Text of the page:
i LOVE papermaking-- its so much fun and the results are always surprising-- i have done alot of casting too and that is equally as cool--- you can use practically anything as a mold-- shells, margarine tins-- large plastic bowls make really neat paper bowls that can be painted or collaged or ???
i made some incredible paper out of the weeds in my backyard- find a copy of helen heiberts book---PAPERMAKING WITH PLANTS its a MUST for any serious papermaker
here is a good place that has tons of papermaking links
be prepared for water to be EVERYWHERE-- have ALOT of old towels on hand-- thankfully i can work on my backporch most of the time as i live in florida and the weather is accomodating--
anxious to see your results so post them when you get your first batch--
experiment and throw anything in the pulp-- glitter, cut up flowers, leaves, yarn, dried leaves,
i also used dryer lint-- it is very hard on the blender so only use a very small amount to mix ---- the paper comes out very soft
cut up an old t shirt into VERY SMALL pieces and throw that into the blender with ALOT of water-- it too is hard on the blender so dont get too much in-- this paper comes out like a soft rag and has beautiful color to it-- i used a red t shirt and an aqua one-- the sheets are very small due to the small amt of cotton fiber added but u could also add the fiber to your paper pulp and have flecks of the t shirt in the paper-- that is pretty neat too
i used clothes dye for coloring-- used to mix it up but now just simply add it from the jar right into the pulp-- RIT works just fine- - also food coloring but you dont get the dynamic colors with food coloring that you do with clothes dye--
good luck - and HAVE FUN
12-30-2002, 05:57 AM
Thanks so much for you tips. I will be trying out some more paper making in the coming weeks. I've made two batches so far throwing in most of the things youve suggested here except for dryer lint (I don't have one) and t-shirt material. I'll give those a try sometime too. Thanks for taking the time to make suggestions. I'll post some pics of my results sometime soon.:D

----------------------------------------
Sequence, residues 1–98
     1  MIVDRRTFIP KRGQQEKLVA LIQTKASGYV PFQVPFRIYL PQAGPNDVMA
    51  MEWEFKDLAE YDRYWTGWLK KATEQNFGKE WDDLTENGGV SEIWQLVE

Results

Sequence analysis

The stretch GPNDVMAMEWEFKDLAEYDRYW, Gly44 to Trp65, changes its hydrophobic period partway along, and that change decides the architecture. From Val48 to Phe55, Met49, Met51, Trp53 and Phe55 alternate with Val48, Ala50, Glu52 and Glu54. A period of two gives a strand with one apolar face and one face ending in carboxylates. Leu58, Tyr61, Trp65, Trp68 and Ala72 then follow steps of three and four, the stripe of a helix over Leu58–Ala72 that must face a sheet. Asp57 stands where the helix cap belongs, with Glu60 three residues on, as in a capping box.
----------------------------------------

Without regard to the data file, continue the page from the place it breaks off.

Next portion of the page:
12-31-2002, 08:29 PM
I never did Papermaking until I attending a workshop at Penland School of Crafts in NC. Loved it then and have ever since. Try using the fuzzy part of a dried cat-tail plant. That makes one of my favorite papers. The sheets are beautiful. "Back then" my hair was darker than it is now! LOL! I cut some of it into short pieces and added it into the slurry. Just the hair and the white cotton linters made the most beautiful paper I had ever seen. It looked as if it had been randomly marked with very short and fine pencil marks - millions of them to be exact. People were trying to guess what my secret ingredient was. Some were "turned off" to discover it was actual hair. Try it! Be bold and experiment. If you don't like it, so what? It's only paper. (If I have posted this twice, excuse me. This is my first time!) Happy New Year.
12-31-2002, 11:11 PM
Hey, what a great idea! I'll have to try that one out. My biggest problem at the moment is that the blender I was 'borrowing' had to go back to where it came from so now I'm 'blenderless'! Hopefully I'll be able to pick up a cheap one sometime soon. Thanks for your tip, it's appreciated.